Axel-In-Charge: Navigating the "Civil War II" Landscape, Bringing DMC to Marvel
At The Beat, Heidi MacDonald has wrapped up her extensive annual survey, in which industry figures discuss the biggest comics stories of 2008 and predict what will have a big impact this year.
The prevailing sentiment is that last year’s big stories will be this year’s big stories, too: digital comics and the worsening economy. (There are plenty of nods to other topics, such as event comics and event fatigue, Hollywood’s love affair with superhero comics, the continued mainstreaming of graphic novels, the death of DC’s Minx imprint, and others.)
I’m excited, and hopeful, to see continued inroads by webcomics and more publishers exploring and expanding online content. That may end up being the one silver lining — and you may have to squint and tilt your head to see it — that comes out of that other big story, the recession.
This week I’ve already posted about the closings of two comic-book stores. Major book chain Borders is on shaky ground. Publishers Tokyopop and Devil’s Due Publishing have cut staff. Newspapers are shuttering, laying off employees or offering massive buyouts (few things are more sobering than following The Media Is Dying every morning). Comic prices are on the rise.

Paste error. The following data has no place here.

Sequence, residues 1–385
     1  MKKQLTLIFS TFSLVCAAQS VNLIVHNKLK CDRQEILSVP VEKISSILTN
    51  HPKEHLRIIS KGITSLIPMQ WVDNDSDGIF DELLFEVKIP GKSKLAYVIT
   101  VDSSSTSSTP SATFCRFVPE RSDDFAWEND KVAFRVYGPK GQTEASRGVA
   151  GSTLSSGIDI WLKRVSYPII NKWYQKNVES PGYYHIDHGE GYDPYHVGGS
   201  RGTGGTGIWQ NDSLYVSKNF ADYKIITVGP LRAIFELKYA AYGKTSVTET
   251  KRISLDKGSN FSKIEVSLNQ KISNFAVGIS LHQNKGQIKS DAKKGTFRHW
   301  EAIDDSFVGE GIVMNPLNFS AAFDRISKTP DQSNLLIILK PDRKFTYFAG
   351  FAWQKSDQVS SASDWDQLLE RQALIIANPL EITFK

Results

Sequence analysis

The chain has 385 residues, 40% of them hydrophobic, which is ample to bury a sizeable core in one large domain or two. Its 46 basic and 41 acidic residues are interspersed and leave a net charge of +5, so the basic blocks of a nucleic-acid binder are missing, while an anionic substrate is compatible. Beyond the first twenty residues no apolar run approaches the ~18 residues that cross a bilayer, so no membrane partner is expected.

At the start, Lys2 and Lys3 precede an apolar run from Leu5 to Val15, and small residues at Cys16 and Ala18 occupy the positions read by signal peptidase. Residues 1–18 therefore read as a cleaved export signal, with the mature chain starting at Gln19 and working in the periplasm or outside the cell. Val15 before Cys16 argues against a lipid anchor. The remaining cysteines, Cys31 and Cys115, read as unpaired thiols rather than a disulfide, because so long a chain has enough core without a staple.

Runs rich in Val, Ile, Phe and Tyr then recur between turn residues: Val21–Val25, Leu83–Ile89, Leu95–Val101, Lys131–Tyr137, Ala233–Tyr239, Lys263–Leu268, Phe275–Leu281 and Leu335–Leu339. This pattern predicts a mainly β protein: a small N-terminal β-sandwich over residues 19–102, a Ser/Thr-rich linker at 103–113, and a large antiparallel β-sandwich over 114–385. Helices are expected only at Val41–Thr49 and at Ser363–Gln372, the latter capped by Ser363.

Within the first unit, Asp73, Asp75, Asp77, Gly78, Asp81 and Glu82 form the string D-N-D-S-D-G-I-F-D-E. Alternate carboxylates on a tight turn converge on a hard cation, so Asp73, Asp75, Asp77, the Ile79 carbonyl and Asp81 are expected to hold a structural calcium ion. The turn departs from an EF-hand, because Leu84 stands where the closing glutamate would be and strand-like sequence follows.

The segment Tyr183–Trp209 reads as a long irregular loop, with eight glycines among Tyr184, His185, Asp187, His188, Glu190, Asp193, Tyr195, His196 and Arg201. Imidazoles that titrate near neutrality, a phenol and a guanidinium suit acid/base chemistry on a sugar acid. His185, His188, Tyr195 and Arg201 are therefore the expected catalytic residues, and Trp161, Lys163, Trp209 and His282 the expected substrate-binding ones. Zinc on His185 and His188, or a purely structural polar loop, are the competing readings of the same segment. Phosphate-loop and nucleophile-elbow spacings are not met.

It’s looking pretty bleak at the moment.
But, as industry notables in Heidi’s survey and elsewhere note, maybe this is an environment in which digital comics will thrive, with more creators exploring webcomics, more readers discovering (or turning to) them, and more publishers making use of the Internet to reach, and build, audiences and deliver content.
Maybe? I don’t know, I’m reaching for that lining.
While you’re reading the year-end survey, I’ll be over here quietly sobbing.